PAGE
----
Last night I fell asleep early and slept a hard, lousy sleep. The kind of sleep of the half-dead wandering in the wilderness forty years, finally felled to respite on a stone tablet of some sort. Sleep that in some ways may be the best after forty waking years, but is colored by resting one’s temple directly on unforgiving rock.
As one might expect from such sleep (or from me, at least), there were dreams. Several of them were far-ranging colorful swirls of mayhem, but the last two were calmer, more sober, and vividly memorable.
The first was set in an igloo, starring documentarian Morgan Spurlock and his wife, who were presumably spending the next thirty days living there. I got inside the igloo and immediately realized how enclosing the space felt, how solid and impenetrable the iceblock walls. It immediately occurred to me: “If someone wanted to kill you, all they’d have to do is block up the entrance with snow, right?”
Morgan and Alex laughed and shrugged this off, and I pointed out something about having a backup ventilation system, like a chimney. They mentioned that the howling winds of the Arctic (we’re in the Arctic, interesting) make the cross-flow of air from two openings unbearably cold. They seemed really nervous when I went out to go to the bathroom and I assume got more so (I guess I sort of somehow knew they were getting more nervous in the dream, even though I couldn’t see them) when I took my time getting back. They were worried I was thinking about blocking up the igloo once they fell asleep, but really I was just afraid of going back in and making myself vulnerable to someone else doing the same.
The second dream was more concretely explicable and pretty much impossible to misinterpret. I was at a fair or festival of some kind with friends who felt vaguely close and comfortable, but who I could never quite identify or see. There was a handmade sign for horse-riding and people asked if I wanted to go. Why not? How hard could it be?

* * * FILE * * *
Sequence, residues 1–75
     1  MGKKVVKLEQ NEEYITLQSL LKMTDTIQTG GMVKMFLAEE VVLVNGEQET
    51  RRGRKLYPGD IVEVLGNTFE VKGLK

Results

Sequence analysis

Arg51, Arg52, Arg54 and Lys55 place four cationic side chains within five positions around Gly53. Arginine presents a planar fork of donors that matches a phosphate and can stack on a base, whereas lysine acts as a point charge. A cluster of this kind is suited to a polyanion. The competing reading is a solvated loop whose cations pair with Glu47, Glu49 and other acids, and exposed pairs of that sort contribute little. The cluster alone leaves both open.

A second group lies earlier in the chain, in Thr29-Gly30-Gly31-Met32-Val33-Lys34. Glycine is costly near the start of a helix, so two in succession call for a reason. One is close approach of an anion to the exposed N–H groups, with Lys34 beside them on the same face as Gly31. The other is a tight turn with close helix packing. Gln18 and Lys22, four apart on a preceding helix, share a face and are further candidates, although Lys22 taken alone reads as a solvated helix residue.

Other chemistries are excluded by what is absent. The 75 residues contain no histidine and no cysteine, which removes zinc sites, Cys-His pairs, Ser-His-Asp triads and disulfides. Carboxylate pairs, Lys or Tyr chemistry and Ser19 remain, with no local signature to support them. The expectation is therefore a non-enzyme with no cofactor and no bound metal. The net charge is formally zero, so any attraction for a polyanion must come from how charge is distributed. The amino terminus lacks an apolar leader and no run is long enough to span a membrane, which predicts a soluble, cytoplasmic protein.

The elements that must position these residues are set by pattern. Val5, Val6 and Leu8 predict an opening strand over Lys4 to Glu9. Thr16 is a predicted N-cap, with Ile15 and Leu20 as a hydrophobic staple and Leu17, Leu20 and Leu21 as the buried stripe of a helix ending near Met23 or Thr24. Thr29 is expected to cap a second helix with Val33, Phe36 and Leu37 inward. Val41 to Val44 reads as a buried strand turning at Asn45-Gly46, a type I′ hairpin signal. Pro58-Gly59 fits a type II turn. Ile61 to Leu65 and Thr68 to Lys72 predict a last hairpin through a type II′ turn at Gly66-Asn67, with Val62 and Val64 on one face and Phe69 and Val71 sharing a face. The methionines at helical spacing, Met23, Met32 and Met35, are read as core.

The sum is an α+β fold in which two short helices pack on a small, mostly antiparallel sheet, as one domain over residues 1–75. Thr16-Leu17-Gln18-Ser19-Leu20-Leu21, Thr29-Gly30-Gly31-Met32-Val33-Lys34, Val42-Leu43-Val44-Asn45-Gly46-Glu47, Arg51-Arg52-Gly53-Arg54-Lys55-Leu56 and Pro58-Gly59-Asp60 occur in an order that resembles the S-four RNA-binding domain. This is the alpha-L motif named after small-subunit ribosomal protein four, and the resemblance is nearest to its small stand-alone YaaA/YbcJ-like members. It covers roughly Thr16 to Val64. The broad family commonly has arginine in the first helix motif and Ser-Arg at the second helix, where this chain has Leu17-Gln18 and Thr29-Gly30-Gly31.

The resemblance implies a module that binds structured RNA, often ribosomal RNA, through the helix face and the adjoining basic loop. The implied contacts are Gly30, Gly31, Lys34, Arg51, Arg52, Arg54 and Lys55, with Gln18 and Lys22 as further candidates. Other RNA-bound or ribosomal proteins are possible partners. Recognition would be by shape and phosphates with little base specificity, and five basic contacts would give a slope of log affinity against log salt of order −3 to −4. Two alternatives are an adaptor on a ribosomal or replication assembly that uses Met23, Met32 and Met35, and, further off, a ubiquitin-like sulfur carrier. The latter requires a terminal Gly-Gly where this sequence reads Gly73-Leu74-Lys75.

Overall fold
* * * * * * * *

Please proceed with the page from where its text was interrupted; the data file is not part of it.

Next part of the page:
So we clamored up on horses, but one of my friends wanted to walk alongside me rather than board a horse himself (I could somehow detect his gender). He expressed concern for my safety. I got some aerial views of the parade ground for the horses as we were all marching in a line, feeling vaguely reminiscent of mules in the Grand Canyon (without the precipitous drops or elevation changes of any sort). Then back to first-person, whereon I was having a great time, but kept sliding forward in my saddle. Which somehow moved me not towards the mane of the beast, but toward the tail. I was facing the wrong way on the horse, but it was still moving in the direction I was facing. And this didn’t yet occur to me as the slightest bit odd, it was just frustrating that I kept getting jostled forward (backward on the horse that was walking backward), almost thrown over its rear.
Finally we came to some sort of traffic jam, wherein horses all held up and whinnied a bit at the sudden stoppage. My horse reared up on its forelegs, almost pitching me backwards and off, then did the opposite and almost ditched me the other way. I was clinging to nothing (there had never been any reigns) but somehow holding on while my friend insistently urged me to dismount before I got hurt. It occurred to me that people could be seriously injured or even killed by getting thrown from a horse and I had never once really internalized the danger of this process, especially since my horse now seemed to be utterly out of control. This feeling felt exactly like realizing I could be blocked up and asphyxiated in an igloo, and I woke up having somehow tied these twin realizations in a knot of new fear of the world around me.